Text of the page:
I grew up in a less-affluent part of L.A. called Silver Lake. Now it's hip and safe, but when I grew up there, there was a nice part, but it was dangerous. I went to elementary school there, but I knew a lot of affluent kids whose parents were always off traveling, and were raised by nannies. That to me was always so depressing. Growing up, I was considered disadvantaged because I had a single parent. But no, man, technically, these kids had everything you think they could want growing up, but their parents could fucking care less about them. That kind of abandonment creates real trauma and I wanted to look at that kind of abandonment in the film and see what character would grow out from that, and that was Janie.
That sheds more light on the film, because it's a bit abstract in its motivations. The film reminded me a little of MULHOLLAND DRIVE because the house on the hill and its theme of isolation in the land of sunshine. That seems to be a quintessential L.A. story. Were you influence by David Lynch's work?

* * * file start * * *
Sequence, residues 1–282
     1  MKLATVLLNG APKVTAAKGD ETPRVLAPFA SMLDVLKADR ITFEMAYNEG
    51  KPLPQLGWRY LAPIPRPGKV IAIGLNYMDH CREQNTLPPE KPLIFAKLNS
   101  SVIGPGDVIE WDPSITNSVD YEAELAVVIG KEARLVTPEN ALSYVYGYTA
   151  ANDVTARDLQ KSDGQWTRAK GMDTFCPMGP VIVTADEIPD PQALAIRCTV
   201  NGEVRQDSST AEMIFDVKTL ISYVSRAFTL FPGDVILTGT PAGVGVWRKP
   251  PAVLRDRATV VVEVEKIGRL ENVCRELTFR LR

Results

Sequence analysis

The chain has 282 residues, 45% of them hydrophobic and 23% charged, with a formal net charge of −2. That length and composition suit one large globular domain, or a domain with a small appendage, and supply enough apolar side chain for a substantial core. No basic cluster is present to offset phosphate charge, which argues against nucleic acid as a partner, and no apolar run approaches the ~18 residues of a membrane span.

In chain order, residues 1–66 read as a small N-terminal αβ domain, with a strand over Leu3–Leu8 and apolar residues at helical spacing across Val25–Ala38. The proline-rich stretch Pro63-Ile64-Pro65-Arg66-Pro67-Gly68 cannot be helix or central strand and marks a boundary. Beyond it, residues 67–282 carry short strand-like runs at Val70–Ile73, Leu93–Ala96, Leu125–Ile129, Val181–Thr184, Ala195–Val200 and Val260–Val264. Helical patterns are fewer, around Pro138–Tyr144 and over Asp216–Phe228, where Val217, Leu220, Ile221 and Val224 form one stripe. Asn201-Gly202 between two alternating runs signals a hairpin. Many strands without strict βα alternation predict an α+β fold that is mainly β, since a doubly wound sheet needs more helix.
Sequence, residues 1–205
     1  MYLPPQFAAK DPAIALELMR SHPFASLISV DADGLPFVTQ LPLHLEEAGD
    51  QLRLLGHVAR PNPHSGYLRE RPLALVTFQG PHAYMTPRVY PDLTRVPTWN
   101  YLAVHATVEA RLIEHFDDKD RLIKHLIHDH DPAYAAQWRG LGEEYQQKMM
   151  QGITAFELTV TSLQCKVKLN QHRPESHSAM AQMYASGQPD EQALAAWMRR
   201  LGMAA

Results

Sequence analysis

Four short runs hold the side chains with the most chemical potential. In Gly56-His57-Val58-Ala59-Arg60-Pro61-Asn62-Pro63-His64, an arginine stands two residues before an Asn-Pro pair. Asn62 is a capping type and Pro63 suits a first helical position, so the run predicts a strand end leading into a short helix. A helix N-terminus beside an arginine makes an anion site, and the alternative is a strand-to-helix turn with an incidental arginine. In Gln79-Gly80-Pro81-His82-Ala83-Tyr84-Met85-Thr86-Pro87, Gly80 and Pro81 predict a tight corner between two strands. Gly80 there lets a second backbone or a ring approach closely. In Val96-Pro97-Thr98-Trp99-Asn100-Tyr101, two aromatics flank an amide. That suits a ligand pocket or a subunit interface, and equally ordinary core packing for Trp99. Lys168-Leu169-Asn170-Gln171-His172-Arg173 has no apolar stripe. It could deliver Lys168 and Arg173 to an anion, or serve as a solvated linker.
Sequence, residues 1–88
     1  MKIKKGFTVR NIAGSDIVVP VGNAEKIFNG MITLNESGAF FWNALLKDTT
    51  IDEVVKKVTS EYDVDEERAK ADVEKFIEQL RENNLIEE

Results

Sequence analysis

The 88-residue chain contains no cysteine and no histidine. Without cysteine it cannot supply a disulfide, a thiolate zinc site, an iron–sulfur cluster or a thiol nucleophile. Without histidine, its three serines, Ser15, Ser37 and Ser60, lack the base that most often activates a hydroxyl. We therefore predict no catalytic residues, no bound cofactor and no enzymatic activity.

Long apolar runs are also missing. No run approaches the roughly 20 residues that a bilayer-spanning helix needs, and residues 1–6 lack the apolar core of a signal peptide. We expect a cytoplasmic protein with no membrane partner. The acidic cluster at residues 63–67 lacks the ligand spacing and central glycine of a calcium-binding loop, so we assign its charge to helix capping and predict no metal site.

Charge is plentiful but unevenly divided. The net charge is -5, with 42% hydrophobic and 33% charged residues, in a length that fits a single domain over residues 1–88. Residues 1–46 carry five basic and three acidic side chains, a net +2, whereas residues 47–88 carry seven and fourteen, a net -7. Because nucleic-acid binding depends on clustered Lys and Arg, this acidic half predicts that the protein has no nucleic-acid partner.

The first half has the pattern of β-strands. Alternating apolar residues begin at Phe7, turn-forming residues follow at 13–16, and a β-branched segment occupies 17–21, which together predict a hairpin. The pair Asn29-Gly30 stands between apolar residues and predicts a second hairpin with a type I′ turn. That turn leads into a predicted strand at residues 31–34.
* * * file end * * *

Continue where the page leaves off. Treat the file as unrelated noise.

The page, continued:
Absolutely. Those themes are present in both of my films. (His first feature is called Negative Space.) You don't see the Hollywood sign or the palm trees, it's not about that. There's this sun-bleached, waking nightmare that people are living on a daily basis, where people want something that they don't have or can't have, but they keep going after it. This is the salt lick, this is where people come to pursue their dreams, and it creates a really interesting atmosphere. I don't think it gets touched on a lot in movies, but David Lynch has certainly done it, the Cohen Brothers have. David Lynch was indirecly a big influence on my movie, absolutely.
At USC, one of my advisers and professors was Mary Sweeney, who was a producer and editor on all of David's films --- and also his wife and mother of one of his children. We talked a lot about dream logic, which was a big factor in her work with David. It's also something that I realized that I could employ. Like you said in your review, the film is ambiguous in many ways, it doesn't always move from point A to point B. For me that was by design, because that's the way I dream. I think that's the way a lot of people dream. You're here, and then you're there. Something's happening that has meaning, and you know why it's happening, and then it's gone and you're doing something else. That to me was a really compelling way to look at film.
I'm curious as to what happened in Janie's backstory.